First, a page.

For his part, Stewart had no issues bulking up. He had quit hockey to play football and trained enough to reach 260 pounds. But after his brother talked him back into hockey, Chris lost weight and cut a pretty straight path to the NHL, starring for the OHL's Kingston Frontenacs and becoming the Avalanche's first pick (No. 18) in the 2006 Entry Draft. He played a full season for the AHL Lake Erie Monsters and has split this season between Lake Erie and Denver, posting 6 goals and 5 assists in 23 NHL games.
The Stewart family struggled at times, and both Chris and Anthony lived with family friends, the Ziemendorfs.
"That helped my family get back on its feet," Stewart told NHL.com when he was drafted. "... We had chores to do and school work. It was strict, but I look back and I'm thankful for that."
Anthony was captain of the Frontenacs and convinced his coach to get Chris, and the two played together for a season. Chris had 18 goals and 30 points his first season, 37 goals and 87 points his second, and 36 goals and 82 points in his third.
Stewart has been playing quite well lately. He has 3 goals and 6 points in his last six games while playing on a line centered by fellow rookie T.J. Hensick and Marek Svatos. That line has accounted for 11 points in the last four games. He also has five fighting majors this season and in a recent game against the Kings had a "Gordie Howe hat trick" -- a goal, an assist and a fight.
Ward appears to be in a perfect situation playing for coach Barry Trotz. Both men followed an unusual route, going through Canadian college hockey to get to the NHL. They also have similar compact builds. Trotz played Canadian juniors, then came up through the Manitoba minor-hockey coaching ranks and later coached the University of Manitoba. He spent five years coaching in the AHL, winning the Calder Cup with Portland in 1994, when he was named coach of the year. He has the second-longest tenure among current NHL coaches.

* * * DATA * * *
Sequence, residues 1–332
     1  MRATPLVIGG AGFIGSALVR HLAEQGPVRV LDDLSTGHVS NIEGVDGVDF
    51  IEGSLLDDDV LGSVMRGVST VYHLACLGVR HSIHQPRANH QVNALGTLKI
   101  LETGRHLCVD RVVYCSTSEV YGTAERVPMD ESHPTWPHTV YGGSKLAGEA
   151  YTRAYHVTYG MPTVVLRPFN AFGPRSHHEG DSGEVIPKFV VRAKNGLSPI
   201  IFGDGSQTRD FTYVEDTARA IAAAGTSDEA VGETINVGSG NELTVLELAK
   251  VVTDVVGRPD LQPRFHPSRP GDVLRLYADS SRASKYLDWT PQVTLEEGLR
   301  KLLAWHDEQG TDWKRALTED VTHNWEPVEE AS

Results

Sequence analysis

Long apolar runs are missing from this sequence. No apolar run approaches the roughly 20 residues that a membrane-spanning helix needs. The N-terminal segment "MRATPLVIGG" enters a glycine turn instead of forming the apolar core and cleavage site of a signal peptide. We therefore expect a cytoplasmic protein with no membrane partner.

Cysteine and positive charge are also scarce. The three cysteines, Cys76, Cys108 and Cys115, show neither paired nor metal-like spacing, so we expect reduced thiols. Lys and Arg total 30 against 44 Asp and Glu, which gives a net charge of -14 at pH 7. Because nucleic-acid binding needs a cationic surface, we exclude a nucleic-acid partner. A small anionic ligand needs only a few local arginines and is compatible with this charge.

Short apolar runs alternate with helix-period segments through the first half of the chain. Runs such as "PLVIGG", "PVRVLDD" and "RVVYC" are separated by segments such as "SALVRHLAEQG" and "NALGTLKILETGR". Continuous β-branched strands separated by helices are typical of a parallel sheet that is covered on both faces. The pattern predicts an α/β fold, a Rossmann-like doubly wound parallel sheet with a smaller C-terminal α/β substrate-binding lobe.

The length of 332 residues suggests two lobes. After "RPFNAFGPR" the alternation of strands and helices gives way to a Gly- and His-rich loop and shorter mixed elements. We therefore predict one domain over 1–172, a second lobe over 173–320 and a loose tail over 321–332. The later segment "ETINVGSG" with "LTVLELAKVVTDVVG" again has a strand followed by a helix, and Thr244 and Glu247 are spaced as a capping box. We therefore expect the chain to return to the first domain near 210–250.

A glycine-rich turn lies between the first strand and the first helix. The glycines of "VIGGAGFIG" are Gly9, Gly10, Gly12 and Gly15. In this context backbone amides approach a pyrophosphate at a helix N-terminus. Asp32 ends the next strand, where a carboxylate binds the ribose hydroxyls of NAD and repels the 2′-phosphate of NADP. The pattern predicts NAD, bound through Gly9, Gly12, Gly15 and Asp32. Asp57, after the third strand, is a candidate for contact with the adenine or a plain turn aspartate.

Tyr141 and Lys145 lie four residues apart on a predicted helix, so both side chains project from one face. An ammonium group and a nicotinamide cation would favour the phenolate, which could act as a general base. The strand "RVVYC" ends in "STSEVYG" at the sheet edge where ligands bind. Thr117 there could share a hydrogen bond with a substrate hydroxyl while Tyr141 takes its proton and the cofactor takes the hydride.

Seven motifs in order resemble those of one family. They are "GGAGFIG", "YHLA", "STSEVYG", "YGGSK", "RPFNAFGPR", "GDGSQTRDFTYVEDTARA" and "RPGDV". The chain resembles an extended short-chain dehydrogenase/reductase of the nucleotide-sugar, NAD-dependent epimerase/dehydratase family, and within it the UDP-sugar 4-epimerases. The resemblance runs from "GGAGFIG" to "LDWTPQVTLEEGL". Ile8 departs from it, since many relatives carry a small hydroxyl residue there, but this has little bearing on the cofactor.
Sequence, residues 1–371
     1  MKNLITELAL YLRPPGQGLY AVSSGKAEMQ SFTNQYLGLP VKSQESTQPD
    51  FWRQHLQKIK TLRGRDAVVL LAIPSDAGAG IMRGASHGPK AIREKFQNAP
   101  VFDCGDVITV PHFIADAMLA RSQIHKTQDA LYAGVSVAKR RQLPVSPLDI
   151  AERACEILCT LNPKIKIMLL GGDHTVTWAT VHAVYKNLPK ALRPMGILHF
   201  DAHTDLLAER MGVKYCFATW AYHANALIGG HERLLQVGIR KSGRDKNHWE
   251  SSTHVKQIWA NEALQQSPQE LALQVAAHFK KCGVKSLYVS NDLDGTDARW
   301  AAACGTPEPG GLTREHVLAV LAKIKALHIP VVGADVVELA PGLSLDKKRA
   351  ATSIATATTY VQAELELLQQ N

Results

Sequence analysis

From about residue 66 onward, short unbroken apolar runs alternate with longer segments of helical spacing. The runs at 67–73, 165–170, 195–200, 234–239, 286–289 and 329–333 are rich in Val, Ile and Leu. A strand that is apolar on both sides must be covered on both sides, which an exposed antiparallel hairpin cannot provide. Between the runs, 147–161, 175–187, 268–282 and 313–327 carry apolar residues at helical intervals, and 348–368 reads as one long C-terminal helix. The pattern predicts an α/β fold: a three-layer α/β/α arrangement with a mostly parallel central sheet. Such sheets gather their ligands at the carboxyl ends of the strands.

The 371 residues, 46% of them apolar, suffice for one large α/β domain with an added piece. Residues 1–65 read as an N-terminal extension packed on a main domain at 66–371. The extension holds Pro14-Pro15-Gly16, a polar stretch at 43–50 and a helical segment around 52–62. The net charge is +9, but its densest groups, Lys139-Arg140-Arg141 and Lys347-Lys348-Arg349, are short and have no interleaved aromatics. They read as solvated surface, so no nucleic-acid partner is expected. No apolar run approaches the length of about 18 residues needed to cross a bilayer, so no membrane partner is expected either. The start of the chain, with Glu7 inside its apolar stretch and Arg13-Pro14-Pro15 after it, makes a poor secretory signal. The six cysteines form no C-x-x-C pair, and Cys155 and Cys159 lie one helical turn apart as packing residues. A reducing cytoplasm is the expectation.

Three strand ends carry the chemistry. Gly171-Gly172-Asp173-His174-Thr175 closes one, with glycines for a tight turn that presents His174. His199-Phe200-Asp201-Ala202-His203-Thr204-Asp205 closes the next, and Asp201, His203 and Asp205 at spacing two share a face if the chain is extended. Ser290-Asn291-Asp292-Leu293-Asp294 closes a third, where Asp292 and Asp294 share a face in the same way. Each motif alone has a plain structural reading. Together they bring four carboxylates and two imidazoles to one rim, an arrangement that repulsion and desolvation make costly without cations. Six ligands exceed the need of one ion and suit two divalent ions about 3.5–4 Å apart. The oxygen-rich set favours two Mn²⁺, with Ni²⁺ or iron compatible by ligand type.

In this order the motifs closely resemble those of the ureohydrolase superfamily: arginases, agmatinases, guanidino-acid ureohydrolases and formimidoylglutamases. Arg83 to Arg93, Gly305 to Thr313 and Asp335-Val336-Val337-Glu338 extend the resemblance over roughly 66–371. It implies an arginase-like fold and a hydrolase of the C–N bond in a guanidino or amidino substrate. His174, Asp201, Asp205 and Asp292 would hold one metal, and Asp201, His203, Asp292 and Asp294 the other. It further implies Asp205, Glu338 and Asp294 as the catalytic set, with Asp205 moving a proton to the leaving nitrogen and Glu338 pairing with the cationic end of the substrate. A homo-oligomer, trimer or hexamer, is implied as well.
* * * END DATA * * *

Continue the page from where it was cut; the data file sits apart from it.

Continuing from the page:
"My parents, Wanda and Cyril, are honest, hard-working, salt-of-the-earth type people who instilled a strong work ethic in me while I was growing up"
-- Wayne Simmonds
"I went the university route but I still had the dream," Ward said. "I didn't want to go straight to the ECHL. I believed in myself and took a longer road, knowing that someday, somehow, I'd get a chance to play in the NHL. I always wanted to go to college and I'm very happy with my decision. I graduated with a B.A. in sociology and I'm very proud of that."
Trotz has used Ward in almost every situation -- checking line, scoring line, penalty killing and power play. He has 6 goals, 14 points and 23 penalty minutes in 44 games.
"Coach is easy to talk to and great to me. I can always go talk to him," Ward said. "He just wants me to pay attention to details, work hard and execute. I stick to the game plan and pick up any pointers he gives me."
Ward ranks fifth among NHL forwards with 42 blocked shots. It's a skill that generates respect among teammates, especially goalies.
"Kevin Constantine, my coach last year in Houston, taught me the technique," Ward said. "As a defensive player and penalty killer, I have to block a few shots. I practiced it quite a bit last year and implemented it into my game. Any time you can get in the way of the puck and block one for the team, it's a positive thing."
Ward, Simmonds and Stewart are the latest additions to the NHL's growing minority population. Of the 48 current or recent NHL minority players, 29 are black, seven aboriginal, seven Asian, three Hispanic, one Inuit and one South Asian. Thirty-eight blacks have played NHL hockey since Willie O'Ree became the first in 1958.